“There is a direct conflict between the requirement of our legislation and Canon Law. Canon Law can never be allowed to over-ride civil law, in particular when it comes to the protection of children”.
Social Democrats Spokesperson for Children Cllr. Jennifer Whitmore today called on the Taoiseach to raise the issue of child protection and the Catholic Church’s position on the sanctity of the Confessional with Pope Francis when he meets with him this week.
Priests are mandated persons under the Children’s First Act, which means that they are legally obliged to report any suspicions or information relating to child abuse to the Child and Family Agency.
However, the Catholic Church’s “Safeguarding Children Policy and Standards for the Catholic Church in Ireland 2016” explicitly states that the statutory reporting of these concerns does not apply to information received during confession and the Sacrament of Reconciliation, as it is forbidden under Canon Law to break the seal of confession.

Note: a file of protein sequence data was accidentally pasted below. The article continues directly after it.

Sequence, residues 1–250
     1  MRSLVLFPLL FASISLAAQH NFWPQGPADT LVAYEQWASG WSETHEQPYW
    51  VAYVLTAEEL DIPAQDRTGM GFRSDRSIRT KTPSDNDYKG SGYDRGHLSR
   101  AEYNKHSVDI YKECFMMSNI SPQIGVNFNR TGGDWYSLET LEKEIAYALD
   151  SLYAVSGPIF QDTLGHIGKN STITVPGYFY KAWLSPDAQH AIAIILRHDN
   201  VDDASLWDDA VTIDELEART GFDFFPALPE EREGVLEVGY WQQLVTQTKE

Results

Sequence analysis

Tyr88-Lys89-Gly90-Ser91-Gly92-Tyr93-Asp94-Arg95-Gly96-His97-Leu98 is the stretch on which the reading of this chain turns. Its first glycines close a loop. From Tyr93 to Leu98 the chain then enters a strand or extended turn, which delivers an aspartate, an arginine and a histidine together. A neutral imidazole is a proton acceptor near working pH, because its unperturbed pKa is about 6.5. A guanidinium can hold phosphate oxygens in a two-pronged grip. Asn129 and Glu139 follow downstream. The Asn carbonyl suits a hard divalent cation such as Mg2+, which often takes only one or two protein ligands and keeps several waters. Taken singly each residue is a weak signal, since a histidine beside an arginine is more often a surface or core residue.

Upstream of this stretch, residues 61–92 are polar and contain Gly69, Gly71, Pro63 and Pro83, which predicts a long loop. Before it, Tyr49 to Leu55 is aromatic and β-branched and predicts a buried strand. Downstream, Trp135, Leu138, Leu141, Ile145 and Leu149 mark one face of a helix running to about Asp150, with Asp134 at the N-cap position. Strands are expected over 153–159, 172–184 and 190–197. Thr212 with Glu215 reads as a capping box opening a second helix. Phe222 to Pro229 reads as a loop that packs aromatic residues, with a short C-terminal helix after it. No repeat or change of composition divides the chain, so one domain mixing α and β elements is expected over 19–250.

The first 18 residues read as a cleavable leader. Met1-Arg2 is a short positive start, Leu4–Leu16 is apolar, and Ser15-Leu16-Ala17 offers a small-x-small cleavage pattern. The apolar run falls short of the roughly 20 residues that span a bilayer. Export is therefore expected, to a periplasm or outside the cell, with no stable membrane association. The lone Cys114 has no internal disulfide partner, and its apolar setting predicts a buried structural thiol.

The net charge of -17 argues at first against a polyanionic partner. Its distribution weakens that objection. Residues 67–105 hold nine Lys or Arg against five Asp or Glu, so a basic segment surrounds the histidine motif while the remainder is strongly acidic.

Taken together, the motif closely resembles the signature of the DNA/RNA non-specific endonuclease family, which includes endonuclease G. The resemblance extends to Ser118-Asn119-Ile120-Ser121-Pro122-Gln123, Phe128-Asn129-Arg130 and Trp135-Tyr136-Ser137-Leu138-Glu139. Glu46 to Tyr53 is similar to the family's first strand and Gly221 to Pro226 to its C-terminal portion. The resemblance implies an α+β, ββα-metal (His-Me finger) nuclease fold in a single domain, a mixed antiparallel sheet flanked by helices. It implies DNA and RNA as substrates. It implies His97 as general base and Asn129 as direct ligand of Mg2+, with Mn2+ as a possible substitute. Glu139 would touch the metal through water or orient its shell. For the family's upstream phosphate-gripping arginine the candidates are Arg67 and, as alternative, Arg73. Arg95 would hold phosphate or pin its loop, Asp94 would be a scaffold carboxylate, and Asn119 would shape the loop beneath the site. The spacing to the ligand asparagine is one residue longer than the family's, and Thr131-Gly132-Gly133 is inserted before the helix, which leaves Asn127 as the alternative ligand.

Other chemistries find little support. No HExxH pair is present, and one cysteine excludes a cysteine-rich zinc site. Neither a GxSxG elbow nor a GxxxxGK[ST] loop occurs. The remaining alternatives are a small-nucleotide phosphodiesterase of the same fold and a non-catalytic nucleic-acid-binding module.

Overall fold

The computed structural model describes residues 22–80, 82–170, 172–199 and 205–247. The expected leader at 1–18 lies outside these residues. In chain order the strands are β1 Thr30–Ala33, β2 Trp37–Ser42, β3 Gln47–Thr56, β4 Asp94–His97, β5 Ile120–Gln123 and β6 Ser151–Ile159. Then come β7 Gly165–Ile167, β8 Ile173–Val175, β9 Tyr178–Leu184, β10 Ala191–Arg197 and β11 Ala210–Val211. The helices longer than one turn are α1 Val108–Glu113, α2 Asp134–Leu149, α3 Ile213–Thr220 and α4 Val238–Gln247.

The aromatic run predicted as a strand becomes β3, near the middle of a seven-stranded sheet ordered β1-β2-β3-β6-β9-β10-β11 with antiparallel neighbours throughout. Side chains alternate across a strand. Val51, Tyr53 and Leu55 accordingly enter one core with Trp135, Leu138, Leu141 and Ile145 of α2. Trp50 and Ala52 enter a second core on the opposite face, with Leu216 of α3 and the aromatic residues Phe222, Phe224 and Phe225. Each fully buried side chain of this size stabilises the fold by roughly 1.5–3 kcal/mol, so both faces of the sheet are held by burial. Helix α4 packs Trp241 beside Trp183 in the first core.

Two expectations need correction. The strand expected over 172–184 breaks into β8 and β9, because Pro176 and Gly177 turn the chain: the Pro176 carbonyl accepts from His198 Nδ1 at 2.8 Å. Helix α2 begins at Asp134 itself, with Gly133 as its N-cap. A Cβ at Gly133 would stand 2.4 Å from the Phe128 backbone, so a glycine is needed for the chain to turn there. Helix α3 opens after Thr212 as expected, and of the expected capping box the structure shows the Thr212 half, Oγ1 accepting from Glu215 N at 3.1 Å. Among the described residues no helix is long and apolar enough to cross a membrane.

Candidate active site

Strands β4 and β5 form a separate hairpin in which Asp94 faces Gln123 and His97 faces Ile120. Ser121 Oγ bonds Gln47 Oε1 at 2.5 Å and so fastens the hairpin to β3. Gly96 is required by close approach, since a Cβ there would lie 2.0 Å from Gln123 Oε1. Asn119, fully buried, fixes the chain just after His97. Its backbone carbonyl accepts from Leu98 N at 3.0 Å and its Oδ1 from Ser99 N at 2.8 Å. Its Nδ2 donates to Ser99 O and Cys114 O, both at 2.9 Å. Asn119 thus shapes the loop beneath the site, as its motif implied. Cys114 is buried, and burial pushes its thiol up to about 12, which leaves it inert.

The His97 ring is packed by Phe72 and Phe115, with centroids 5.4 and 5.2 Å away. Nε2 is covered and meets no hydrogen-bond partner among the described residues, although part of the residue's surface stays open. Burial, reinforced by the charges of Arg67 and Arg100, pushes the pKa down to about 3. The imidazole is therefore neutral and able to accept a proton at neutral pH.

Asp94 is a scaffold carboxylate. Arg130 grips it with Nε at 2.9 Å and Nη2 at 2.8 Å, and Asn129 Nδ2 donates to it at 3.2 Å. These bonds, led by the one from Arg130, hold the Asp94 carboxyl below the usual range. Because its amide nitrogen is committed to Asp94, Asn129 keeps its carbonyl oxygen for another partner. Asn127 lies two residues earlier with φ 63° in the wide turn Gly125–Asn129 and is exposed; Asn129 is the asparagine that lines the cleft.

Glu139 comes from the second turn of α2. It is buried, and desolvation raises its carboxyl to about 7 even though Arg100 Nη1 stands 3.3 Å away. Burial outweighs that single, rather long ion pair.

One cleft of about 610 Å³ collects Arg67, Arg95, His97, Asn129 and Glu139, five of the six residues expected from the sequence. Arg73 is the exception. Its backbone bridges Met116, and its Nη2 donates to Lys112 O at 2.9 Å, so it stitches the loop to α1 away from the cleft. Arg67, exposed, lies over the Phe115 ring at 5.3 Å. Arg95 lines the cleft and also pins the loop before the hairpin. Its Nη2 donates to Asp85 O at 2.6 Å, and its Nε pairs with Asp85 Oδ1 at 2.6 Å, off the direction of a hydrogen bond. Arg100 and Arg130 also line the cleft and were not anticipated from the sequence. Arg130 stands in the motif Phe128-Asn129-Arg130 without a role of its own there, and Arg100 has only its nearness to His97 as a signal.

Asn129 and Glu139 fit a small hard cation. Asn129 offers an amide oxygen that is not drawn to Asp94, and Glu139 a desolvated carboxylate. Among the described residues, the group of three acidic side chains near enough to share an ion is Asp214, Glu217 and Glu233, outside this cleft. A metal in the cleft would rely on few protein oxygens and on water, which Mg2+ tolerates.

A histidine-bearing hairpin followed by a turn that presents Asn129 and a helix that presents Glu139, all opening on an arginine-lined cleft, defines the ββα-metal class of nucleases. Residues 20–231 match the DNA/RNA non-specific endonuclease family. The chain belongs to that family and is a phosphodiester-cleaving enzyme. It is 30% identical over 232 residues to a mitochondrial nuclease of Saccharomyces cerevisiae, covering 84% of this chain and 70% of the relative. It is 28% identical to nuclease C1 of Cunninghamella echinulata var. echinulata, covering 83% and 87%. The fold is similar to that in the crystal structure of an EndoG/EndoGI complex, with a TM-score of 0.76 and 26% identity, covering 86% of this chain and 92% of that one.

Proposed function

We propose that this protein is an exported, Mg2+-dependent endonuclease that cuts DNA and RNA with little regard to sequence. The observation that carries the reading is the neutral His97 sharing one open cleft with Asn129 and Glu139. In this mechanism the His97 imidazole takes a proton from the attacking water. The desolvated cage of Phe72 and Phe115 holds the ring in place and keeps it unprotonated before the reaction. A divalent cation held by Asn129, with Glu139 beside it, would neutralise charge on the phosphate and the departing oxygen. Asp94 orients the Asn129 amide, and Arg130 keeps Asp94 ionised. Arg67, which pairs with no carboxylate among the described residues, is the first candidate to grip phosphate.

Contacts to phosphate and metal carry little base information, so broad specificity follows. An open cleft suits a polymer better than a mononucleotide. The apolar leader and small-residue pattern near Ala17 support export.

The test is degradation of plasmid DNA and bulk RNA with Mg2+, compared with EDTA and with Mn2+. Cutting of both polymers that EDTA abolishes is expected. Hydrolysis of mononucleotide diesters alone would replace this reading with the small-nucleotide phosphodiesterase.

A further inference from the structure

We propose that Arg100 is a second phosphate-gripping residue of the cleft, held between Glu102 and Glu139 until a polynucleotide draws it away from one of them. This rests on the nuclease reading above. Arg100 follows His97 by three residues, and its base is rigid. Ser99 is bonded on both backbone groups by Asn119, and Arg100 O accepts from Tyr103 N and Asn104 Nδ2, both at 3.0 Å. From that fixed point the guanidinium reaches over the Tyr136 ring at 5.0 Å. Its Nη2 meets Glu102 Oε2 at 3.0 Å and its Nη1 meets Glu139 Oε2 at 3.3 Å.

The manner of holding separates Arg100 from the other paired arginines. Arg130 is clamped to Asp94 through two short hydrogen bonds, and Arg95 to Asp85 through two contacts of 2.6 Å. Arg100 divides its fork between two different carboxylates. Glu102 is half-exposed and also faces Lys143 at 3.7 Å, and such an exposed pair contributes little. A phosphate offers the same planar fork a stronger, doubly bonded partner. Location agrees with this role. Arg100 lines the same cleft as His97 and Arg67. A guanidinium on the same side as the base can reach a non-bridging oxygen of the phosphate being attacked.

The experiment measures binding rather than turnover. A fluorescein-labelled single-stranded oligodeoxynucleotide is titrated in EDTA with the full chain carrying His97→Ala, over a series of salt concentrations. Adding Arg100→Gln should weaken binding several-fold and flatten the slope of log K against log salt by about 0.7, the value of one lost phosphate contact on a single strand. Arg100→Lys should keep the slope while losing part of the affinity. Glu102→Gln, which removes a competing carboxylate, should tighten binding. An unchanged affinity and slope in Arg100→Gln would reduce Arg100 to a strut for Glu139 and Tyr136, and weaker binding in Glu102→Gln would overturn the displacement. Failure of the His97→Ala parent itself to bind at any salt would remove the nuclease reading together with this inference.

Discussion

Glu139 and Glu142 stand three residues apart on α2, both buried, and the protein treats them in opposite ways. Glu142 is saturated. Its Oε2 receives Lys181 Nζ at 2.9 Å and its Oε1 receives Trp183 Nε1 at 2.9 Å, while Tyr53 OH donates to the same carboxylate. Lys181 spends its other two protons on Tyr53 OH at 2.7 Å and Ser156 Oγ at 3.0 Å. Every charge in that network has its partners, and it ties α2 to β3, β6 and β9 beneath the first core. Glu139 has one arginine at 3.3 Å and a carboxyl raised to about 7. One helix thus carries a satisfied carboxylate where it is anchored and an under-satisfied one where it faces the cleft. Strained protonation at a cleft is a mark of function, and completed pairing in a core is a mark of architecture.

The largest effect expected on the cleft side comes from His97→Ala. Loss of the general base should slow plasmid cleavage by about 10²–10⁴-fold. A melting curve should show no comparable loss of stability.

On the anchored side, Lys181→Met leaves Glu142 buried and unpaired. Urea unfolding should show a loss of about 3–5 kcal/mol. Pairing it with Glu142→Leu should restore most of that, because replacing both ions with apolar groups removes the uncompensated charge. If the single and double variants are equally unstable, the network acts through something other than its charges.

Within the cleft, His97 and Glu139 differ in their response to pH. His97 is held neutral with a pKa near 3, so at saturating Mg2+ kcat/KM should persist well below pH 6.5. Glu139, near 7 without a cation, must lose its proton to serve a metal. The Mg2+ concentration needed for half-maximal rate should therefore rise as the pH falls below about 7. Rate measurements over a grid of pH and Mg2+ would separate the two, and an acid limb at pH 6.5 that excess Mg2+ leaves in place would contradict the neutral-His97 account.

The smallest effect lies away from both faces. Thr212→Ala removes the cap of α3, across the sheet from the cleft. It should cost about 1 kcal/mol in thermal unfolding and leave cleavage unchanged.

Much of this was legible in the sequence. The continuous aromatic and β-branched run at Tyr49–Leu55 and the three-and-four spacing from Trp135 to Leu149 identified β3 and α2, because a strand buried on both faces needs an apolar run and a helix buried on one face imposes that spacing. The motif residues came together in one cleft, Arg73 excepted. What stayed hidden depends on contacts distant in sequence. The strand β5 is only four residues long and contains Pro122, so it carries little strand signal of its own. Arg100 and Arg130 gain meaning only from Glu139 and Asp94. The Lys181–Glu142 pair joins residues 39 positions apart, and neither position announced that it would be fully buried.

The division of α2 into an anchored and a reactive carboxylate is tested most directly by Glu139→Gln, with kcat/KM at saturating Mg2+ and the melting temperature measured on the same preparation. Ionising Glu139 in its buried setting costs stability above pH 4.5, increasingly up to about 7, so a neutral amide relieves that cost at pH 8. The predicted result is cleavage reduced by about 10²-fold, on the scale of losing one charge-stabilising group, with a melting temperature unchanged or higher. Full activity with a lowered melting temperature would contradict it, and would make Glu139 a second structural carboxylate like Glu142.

Whitmore said “There is a direct conflict between the requirement of our legislation and Canon Law. Canon Law can never be allowed to over-ride civil law, in particular when it comes to the protection of children. In his letter to Catholics worldwide today, Pope Francis stated “Looking ahead to the future, no effort must be spared to create a culture able to prevent such situations from happening, but also to prevent the possibility of their being covered up and perpetuated.”
Whitmore ended “If the Pope is serious about child protection, he must amend Canon Law to ensure that the secrecy of confession does not apply to any aspect of allegations relating to child sexual abuse. In the absence of this strong message from the Vatican there will always be hypocrisy in the Church’s approach to child protection. I call on the Taoiseach, Leo Varadkar, to raise this issue with Pope Francis when he meets with him this week”
29th August 2018